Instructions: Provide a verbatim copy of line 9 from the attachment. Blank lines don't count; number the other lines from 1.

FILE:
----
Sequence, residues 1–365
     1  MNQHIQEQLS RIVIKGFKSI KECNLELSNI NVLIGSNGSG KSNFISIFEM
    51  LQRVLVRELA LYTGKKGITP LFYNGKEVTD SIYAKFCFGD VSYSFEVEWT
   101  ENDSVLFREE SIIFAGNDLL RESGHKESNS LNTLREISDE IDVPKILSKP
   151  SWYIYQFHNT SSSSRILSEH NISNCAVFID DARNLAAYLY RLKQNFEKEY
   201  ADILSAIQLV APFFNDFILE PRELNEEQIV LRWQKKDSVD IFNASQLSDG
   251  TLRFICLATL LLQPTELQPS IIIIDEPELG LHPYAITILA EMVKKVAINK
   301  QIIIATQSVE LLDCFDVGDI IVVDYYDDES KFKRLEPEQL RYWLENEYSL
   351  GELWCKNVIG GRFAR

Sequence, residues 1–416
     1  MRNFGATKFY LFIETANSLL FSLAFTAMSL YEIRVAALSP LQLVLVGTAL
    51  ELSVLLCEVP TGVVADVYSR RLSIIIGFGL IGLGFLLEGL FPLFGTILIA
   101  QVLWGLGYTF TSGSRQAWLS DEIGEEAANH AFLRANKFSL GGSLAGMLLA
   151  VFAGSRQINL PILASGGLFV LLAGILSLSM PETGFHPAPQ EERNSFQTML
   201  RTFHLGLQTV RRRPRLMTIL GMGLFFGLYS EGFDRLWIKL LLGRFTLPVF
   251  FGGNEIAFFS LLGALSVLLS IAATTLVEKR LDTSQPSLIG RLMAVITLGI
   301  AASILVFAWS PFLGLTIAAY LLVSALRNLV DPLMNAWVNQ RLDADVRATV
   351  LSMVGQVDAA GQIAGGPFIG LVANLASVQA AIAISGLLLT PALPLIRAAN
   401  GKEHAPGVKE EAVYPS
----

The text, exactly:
   351  GELWCKNVIG GRFAR